Gathering Texas: Evaluating The Socio-Cultural Performance Of Urban Public Spaces In The Lone Star State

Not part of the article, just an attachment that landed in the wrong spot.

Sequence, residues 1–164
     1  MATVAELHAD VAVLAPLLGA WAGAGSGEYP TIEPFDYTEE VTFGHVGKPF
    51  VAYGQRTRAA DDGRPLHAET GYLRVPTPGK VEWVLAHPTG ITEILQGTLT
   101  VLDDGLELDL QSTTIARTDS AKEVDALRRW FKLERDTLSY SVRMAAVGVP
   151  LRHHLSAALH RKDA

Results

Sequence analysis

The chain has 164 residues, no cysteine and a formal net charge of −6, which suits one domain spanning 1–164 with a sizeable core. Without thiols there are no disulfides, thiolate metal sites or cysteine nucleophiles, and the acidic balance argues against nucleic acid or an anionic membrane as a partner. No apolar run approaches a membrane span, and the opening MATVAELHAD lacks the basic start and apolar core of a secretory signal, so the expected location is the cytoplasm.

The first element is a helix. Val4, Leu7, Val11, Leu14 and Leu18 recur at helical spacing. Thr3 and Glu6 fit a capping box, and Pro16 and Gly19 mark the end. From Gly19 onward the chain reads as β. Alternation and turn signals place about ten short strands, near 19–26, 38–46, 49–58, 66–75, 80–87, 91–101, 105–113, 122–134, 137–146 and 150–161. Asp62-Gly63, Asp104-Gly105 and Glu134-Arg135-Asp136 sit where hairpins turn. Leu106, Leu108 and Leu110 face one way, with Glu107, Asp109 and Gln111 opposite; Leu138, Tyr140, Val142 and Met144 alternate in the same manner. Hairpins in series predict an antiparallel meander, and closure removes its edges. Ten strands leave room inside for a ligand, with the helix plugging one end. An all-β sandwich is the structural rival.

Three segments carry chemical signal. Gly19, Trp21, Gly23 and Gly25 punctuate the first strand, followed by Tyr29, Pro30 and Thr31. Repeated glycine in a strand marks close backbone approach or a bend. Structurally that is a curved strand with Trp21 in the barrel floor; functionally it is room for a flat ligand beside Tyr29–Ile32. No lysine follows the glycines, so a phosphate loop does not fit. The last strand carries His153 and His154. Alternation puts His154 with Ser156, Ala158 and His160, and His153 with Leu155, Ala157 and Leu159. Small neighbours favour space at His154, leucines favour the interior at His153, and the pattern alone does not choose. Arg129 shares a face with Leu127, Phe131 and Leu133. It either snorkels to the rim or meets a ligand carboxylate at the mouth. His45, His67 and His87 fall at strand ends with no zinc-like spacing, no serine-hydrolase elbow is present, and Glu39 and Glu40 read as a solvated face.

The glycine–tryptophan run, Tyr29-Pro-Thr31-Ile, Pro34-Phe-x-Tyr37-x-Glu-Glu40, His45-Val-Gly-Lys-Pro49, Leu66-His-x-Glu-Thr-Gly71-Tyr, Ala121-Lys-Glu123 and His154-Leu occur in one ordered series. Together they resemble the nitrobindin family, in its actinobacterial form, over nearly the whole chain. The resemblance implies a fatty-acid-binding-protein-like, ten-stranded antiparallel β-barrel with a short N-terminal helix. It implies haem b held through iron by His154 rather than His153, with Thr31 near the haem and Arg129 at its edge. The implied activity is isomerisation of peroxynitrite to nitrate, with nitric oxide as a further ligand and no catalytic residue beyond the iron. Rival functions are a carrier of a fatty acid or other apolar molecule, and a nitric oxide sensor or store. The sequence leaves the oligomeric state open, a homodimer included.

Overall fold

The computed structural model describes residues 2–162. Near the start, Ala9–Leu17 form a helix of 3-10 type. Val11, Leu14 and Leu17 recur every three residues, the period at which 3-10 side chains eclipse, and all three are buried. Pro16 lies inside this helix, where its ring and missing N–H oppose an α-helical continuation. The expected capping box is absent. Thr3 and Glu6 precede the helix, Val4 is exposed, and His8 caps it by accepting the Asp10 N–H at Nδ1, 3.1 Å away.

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The past two decades in Texas have seen emergent interest in urban public life, with many new or renovated public spaces — streets, squares, and urban parks — taking shape. In a state with a history of conflicting cultures and automobile-oriented city-building, and in an age of digitalization, physical public spaces represent a unique opportunity: to gather people of different types and backgrounds in a way that encourages tolerance, understanding, civic pride and engagement, to speak of the cultural heritage and aspirations of a place, and to provide a true sense of “dwelling.” This thesis assesses how effectively the most exemplary recent public spaces in Texas take advantage of that opportunity. My analysis takes the form of four case studies: Klyde Warren Park in Dallas, Sundance Square Plaza in Fort Worth, Second Street in Austin, and Discovery Green in Houston. I employ both a psycho-philosophical and a sociological lens, exploring the subjective, experiential phenomenology and objective behavioral and demographic patterns of each. I then identify urban design strategies that appear to be most successful in contributing to welcoming, relevant public spaces. By conducting a retrospective study as this first generation of new public spaces begins to mature, I present further evidence for their worth and guide ongoing development of places that fulfill a role as a social and cultural focus, literally and figuratively “gathering” Texas.